wildly popular, despite their hefty $50 and up price tag, Welch
says. "People spend a lot of money to get a good computer that
can run a game," he says. "You need a high-end PC, maybe some
special add-ons. After all that, you don't begrudge the cost
of a game."
Gamers prefer three-dimensional
games with special effects, "lots of polygons, textures and
things to blow up," he says. "But most people who actually play
computer games play the games that come with their software
and that they already know, like Hearts and Solitaire. We're
looking at products now for that market, non-gamers who play
As Ambrosia has
grown since his inauguration into game design, Welch doesn't
build games alone much anymore, he says. "I am the idea person.
I am doing more producing and coordinating."
"Owning my own business
has allowed me to live the way I want to," explains Welch. "I
work when I need to, take days off when I want." He spends one
day a week as a volunteer at Lollipop Farm in Rochester, likes
to travel, and enjoys scuba diving. (Last year, he went diving
in Papua, New Guinea.) "Instead of living to work, I'm working
to live," Welch says.
Chances are, if you've
used the Web, you've seen something that Erin Malone has designed.
When Malone moved to California, Adobe Systems, Inc., one of the
nation's premiere popular software developers, hired her to develop
their Web site. The Web was so new at the time, Malone recalls,
that, despite all the techies in the firm, no one knew how to
put together a Web site. "They were beginning to see that the
Web would be a great marketing resource," she says. "They needed
someone new to figure out how to do it for them."
Erin Malone '94, top left, works for Web
TV, developing new ways for the Web and television to interact.
Using the skills
she taught herself while at Eastman Kodak, Malone, through her
business, EM Design, created Web pages and completed other design
projects for Adobe. America Online Greenhouse also contracted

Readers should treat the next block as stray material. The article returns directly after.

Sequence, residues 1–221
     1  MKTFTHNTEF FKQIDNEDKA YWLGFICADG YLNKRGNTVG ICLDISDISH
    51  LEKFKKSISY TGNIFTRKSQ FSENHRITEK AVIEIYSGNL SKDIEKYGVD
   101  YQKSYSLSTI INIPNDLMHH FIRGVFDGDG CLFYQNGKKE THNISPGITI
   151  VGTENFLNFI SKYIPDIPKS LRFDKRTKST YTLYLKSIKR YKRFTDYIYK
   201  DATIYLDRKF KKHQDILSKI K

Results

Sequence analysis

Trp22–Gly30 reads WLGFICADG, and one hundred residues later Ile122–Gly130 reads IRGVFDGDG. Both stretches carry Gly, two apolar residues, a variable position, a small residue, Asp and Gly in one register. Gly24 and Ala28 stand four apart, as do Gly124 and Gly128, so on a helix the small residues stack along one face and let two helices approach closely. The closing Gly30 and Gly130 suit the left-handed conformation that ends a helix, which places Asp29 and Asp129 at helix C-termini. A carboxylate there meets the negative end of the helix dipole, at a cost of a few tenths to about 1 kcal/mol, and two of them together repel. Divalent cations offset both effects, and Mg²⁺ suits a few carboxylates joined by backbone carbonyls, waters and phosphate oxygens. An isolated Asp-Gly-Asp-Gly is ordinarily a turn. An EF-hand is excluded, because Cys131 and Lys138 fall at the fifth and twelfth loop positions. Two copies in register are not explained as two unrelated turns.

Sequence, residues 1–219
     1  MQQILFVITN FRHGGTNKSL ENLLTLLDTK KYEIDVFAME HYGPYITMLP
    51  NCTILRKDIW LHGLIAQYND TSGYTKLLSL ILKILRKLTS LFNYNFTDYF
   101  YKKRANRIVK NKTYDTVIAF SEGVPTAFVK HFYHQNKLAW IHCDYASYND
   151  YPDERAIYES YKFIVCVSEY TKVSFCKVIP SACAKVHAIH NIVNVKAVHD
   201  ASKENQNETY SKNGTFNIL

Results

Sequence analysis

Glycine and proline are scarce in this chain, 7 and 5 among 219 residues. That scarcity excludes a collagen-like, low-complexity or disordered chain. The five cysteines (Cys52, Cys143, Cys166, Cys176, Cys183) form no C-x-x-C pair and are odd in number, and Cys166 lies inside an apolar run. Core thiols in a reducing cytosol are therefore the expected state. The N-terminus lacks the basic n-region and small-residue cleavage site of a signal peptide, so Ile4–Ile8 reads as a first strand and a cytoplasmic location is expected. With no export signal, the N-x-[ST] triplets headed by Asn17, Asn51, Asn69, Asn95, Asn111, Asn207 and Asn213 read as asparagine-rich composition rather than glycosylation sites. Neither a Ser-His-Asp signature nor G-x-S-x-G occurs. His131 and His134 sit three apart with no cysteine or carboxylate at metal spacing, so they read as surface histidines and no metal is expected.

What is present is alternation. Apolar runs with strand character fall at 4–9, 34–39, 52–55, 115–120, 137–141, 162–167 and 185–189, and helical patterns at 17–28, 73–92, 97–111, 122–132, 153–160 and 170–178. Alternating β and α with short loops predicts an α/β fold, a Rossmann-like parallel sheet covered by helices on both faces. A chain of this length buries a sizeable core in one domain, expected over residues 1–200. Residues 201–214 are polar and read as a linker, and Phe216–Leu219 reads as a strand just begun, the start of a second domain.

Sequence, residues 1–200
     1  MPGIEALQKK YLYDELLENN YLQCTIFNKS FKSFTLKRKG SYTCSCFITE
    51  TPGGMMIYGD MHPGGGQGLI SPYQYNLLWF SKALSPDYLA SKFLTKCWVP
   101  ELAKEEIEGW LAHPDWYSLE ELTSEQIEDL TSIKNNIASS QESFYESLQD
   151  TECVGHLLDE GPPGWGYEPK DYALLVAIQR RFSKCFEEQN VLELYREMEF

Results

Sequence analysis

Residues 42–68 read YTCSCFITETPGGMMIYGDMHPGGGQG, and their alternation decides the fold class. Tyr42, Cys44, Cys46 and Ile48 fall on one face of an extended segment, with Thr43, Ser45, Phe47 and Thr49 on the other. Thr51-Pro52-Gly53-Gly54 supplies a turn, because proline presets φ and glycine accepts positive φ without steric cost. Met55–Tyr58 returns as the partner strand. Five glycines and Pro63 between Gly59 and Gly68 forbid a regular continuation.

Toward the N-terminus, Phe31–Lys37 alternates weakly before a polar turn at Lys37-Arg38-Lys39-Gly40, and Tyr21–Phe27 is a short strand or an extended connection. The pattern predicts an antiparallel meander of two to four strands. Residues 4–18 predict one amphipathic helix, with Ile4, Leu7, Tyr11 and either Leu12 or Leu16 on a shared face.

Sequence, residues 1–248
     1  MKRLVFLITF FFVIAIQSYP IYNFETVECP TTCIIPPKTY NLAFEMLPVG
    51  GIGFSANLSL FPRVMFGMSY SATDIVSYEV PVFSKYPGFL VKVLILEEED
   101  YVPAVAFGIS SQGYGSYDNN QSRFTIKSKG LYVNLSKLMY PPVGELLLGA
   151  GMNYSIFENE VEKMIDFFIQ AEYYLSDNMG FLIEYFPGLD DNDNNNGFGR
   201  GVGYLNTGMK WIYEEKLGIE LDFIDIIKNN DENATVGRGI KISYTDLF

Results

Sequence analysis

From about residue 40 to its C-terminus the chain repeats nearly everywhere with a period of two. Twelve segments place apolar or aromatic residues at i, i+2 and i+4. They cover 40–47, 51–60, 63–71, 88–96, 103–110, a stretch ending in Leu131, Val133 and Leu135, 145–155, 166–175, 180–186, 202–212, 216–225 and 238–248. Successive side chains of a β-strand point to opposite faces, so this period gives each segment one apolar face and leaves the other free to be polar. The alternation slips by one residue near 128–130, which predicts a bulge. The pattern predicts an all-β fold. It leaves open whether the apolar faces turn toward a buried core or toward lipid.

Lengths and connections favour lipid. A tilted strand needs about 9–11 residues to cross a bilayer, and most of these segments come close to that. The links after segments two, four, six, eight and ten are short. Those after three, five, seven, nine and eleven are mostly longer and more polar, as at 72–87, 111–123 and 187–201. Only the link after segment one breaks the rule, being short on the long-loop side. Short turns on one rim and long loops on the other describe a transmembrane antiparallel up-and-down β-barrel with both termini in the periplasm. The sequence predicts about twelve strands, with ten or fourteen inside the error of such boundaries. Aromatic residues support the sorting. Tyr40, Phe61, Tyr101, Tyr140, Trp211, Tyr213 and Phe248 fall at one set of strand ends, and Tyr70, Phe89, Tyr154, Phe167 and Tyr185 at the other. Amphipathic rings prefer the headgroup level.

with Malone: for example, she designed the first-generation
Web site for HouseNet and designed the graphics and structure
for SweatNet, a fitness site, and NutriBytes, a nutrition information
and food log site.
Two years is about
the maximum amount of time a Silicon Valley employee will stay
in a job, Malone says. "It's a small world. We all have specialties,
so we move around laterally." After her two years at Adobe,
she went to work for Zip2 Corporation, where she designed Web-based
products. Zip2 creates community-based Web sites that offer
information tailored to local needs -- yellow pages, and information
on local shopping, arts, entertainment, travel, weather and
the like. (Zip2 was bought recently by Compaq.) "We did New
York Today, for The New York Times, and sites for
other community newspapers," she says. This year signaled the
end of her predicted two-year stint there, and Malone is now
working for Web TV, an organization recently bought by the infamous
Microsoft. "It's the convergence of the Internet and television,"
she says excitedly of the new project. She will be part of a
creative team that is looking for ways to develop interactions
between the two media.
"It's more about
doing cool work than anything else," Malone says of her career.
"What I've enjoyed about every one of my jobs is that they all
say, 'Here's the subject matter, do whatever you need to get
Derek Torrey got
started with AGT following a call to RIT from that company.
At that time, the organization was looking to incorporate Eastman
Kodak's photo CD technology into their prepress processes. "They
were looking for someone with digital publication experience,"
he says. "After ESPRIT, that was me." He began testing
camera equipment, looking for the best images for digital reproduction,
meantime lobbying to push AGT into the business of CD-ROM publications.
He pulled together a small media team to begin the transition
to that technology, and AGT created CD-ROM and Web publications
for Hasbro, Citibank, and U.S. News & World Report, among
The next step for
Torrey was a new project that combines design and graphics with
database management. This gave him a new, larger team to manage
and the title of vice president of product planning for AGT.
The team works directly with customers to design a Web site
that acts as the "user-friendly" front door to access unwieldy
collections of information. "We look at what each customer needs,
then create it," he says.
a workaholic," Torrey says, laughing. (Although he does get
away from work to snowboard and take flying lessons. He soloed
in December 1998.) "I like to keep pushing to do something better
than the last thing. All of us on the ESPRIT team were
like that. We loved our work and we wanted it to be the best.
"What we did at
RIT really set us up to kick butt."